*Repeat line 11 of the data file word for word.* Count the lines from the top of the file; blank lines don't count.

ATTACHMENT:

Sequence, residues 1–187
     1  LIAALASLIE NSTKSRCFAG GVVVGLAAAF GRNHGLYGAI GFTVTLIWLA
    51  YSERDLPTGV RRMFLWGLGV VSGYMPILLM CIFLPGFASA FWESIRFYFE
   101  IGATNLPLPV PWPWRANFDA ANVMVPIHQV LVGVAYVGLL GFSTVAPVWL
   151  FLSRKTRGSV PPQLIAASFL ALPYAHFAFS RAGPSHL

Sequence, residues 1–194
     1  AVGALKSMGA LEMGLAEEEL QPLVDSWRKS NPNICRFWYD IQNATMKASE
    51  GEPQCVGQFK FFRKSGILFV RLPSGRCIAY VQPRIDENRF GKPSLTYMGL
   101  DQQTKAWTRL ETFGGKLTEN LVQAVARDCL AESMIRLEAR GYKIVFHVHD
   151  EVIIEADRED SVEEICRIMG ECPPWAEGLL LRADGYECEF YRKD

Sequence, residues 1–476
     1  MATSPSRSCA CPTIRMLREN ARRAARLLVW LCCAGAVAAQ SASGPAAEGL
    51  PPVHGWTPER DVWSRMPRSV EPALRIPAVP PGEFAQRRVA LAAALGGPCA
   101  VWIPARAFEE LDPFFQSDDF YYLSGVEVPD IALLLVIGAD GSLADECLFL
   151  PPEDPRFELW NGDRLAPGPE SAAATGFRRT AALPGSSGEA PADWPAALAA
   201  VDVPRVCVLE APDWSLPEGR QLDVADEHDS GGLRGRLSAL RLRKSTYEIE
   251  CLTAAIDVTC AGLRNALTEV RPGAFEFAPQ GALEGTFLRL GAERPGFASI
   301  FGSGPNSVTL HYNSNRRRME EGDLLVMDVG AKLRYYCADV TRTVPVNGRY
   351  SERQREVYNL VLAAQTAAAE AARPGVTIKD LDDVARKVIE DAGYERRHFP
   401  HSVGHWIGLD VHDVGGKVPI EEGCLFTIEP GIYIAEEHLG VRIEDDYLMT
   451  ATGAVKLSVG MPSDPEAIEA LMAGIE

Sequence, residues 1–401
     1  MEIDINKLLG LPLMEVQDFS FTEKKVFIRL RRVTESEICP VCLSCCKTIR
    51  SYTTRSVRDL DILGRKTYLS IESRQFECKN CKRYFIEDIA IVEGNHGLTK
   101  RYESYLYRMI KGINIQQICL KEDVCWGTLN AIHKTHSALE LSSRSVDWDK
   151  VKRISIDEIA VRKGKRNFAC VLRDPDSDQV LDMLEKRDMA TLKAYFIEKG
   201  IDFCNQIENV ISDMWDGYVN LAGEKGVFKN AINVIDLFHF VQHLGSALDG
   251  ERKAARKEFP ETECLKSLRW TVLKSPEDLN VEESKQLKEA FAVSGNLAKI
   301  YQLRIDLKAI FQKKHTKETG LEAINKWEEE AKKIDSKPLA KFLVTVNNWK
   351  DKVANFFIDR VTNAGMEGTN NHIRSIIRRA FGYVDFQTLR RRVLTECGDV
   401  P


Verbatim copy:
Sequence, residues 1–476